1. Hi Vinny, you are an amazing Grammy Winning Mix Engineer/Sound Editor. Tell us more about yourself, your background and that Grammy win!
Hi Rebekah, thanks for having me! I started working in audio-post production about ten years ago, my first job was cutting ambiances and backgrounds for Hallmark films. After that I went on to work on a lot of commercials, mixing, and sound editing for various ad agencies. From commercials, I gravitated toward TV and eventually Film. The bulk of my work these days consists of editing and mixing for any given streaming service (mainly Netflix, HBO, Amazon, Hulu, etc), as well as mixing and supervising the sound for films in the indie world. I could be mixing 2-3 films in any given month. It was really wonderful to win a Grammy and be recognized for your work, I try to treat every production the same though, and make sure we’re always working towards the best possible sound we can achieve.
2. Why is a sound mix so important?
No one wants to listen to something that sounds terrible. Ever try to talk to someone on the phone while they’re in a noisy environment? Or you’re in a noisy environment? It’s the worst! Imagine trying to do that for an hour and a half (or the length of the film). It’s super uncomfortable and disorienting to listen to bad sound, this makes it imperative that your movie sounds good if you want people to sit through it for an extended period of time in a very dark large room.
3. Why do you think it seems to be a common problem that filmmakers experience difficulties with their film’s sound mix?
There’s the old adage that sound is the red-headed stepchild of film production, the last process that always gets forgotten or is not budgeted for. There are so many variables when it comes to making films that this is true in a sense; after the writing, casting, costumes, sets, cameras, lighting, directing, etc, sound sometimes comes in as an afterthought which can be problematic down the line.
Another common trend I see/hear a lot is that directors/editors/producers will often take it upon themselves to try and mix the sound for their own film. Many times when they do this, they often do more harm than good for the sound quality of their film. You wouldn’t ask a hairstylist to cook your steak and you wouldn’t ask a chef to style your hair (Guy Fieri MIGHT be the exception to this metaphor). If you want your film to be mixed well and sound good, hire a sound editor/mixer.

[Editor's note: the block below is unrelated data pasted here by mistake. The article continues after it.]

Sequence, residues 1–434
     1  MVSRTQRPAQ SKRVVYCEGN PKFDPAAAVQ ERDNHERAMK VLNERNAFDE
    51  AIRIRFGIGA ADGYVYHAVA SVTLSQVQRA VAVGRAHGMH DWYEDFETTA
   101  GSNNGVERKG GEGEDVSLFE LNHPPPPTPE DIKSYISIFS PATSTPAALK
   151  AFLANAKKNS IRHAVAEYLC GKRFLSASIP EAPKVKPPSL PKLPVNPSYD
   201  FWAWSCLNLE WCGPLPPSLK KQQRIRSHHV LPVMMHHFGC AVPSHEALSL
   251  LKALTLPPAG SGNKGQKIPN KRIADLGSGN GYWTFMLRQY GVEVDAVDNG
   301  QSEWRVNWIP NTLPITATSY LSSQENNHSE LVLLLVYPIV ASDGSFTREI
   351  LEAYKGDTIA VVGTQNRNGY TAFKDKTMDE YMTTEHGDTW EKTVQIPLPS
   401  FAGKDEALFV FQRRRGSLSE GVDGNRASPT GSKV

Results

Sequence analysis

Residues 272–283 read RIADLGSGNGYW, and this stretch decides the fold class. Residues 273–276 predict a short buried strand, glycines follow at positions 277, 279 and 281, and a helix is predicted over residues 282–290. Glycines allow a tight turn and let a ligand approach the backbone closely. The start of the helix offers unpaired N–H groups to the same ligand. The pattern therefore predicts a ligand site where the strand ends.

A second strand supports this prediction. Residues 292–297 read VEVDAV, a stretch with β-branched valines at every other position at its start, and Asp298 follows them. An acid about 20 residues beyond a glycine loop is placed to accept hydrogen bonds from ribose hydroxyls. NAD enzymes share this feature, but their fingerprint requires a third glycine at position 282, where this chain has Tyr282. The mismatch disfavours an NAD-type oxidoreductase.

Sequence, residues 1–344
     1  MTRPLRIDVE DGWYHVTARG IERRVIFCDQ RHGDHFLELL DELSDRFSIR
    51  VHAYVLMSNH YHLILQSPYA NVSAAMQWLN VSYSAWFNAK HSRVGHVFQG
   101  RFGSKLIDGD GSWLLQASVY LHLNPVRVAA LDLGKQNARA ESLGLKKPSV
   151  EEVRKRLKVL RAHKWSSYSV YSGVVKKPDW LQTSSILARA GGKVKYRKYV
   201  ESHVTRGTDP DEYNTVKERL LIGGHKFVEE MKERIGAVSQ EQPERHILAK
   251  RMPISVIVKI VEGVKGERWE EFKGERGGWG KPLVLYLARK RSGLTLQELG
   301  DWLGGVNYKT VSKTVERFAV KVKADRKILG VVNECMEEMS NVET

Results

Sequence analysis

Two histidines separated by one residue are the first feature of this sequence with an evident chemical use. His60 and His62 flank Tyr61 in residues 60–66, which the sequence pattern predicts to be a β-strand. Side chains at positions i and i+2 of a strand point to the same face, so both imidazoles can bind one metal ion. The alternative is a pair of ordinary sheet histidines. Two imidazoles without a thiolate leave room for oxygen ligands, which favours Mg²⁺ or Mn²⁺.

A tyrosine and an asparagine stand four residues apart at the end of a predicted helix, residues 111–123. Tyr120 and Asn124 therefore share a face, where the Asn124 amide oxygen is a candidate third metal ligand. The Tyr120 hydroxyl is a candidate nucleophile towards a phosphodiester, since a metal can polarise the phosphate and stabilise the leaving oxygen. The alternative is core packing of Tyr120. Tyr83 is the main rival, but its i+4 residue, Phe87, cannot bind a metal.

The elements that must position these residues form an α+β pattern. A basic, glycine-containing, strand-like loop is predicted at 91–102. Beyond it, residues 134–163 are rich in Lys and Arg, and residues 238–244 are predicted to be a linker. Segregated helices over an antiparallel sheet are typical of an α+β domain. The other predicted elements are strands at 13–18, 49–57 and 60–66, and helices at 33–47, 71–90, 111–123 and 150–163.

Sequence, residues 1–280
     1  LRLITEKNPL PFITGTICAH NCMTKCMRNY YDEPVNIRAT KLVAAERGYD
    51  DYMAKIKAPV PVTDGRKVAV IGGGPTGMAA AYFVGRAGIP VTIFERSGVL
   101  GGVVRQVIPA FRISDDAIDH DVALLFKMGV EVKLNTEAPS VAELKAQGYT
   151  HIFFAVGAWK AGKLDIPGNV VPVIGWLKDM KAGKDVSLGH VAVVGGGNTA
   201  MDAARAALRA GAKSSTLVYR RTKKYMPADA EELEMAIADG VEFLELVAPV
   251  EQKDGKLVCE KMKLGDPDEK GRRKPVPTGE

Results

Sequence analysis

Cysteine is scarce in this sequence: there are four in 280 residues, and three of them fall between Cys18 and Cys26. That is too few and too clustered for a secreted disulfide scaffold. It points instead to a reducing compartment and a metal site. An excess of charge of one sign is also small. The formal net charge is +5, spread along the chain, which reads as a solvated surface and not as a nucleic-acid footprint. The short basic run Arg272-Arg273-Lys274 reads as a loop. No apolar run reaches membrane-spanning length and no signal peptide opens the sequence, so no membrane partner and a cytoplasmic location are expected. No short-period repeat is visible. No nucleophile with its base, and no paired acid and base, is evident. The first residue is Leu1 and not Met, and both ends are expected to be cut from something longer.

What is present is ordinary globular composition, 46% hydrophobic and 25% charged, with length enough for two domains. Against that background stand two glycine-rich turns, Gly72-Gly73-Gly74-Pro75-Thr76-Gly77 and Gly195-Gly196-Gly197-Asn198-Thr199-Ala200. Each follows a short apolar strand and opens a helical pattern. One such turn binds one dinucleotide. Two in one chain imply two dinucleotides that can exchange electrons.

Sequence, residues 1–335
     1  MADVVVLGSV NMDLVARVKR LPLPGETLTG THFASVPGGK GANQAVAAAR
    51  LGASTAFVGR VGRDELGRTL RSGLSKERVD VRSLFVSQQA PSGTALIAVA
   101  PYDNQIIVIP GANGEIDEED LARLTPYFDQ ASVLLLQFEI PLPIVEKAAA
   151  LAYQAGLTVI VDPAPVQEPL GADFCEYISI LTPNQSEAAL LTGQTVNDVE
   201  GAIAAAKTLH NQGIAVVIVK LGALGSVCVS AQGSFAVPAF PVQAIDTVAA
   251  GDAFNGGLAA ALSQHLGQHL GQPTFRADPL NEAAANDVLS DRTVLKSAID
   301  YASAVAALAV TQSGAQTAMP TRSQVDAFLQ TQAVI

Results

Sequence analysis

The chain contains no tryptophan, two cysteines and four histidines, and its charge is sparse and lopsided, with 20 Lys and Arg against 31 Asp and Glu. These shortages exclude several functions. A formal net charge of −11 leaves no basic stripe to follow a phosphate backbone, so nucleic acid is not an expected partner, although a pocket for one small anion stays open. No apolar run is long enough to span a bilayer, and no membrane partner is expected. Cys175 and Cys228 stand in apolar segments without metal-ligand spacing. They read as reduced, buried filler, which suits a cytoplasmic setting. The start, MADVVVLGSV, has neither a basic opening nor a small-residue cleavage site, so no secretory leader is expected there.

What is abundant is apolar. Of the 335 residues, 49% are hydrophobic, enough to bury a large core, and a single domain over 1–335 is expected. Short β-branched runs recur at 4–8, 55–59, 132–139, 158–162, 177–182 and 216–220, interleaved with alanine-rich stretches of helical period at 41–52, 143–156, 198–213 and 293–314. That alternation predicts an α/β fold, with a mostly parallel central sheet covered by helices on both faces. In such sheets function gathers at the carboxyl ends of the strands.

4. What are the ingredients for the perfect sound mix?
The list of ingredients changes from film to film. I would say the most common list consists of dialogue, ambiances/backgrounds, sound effects, foley, and music. These elements have to be taken care of and crafted on an individual level, and then ultimately mixed together to create the full mix. The dialogue should be cleaned up, edited, and intelligible. The ambiance and backgrounds should have a lot of detail and add an element of immersion. Great foley can make the film feel even more real, and artificially cut hard sound effects can add dynamics and new layers of drama. Toss in some music (because who doesn’t love music in a film), and mix it all together to compliment the visuals and that’s how you get a great-sounding film.
5. How can you help filmmakers get their sound mix spot on?
When I’m working with a filmmaker, I love to have a conversation about what they want the film to sound like. We talk through the film and the scenes, and we discuss how sound will play a role in each moment if it’s meant to play a role at all. Sometimes I’ll try to be involved in a film as early on as possible by gathering sound effects based on the script, talking with the director about ideas, or helping plan out the post-production timeline and workflow with the editor. After the film is shot, the picture is locked, and it’s time for the audio-post process, we may even have another conversation as direction might have shifted during the filming/editing process. It’s all about doing what needs to be done to make sure that the sound is right for the film, and the story that we’re trying to tell through this medium.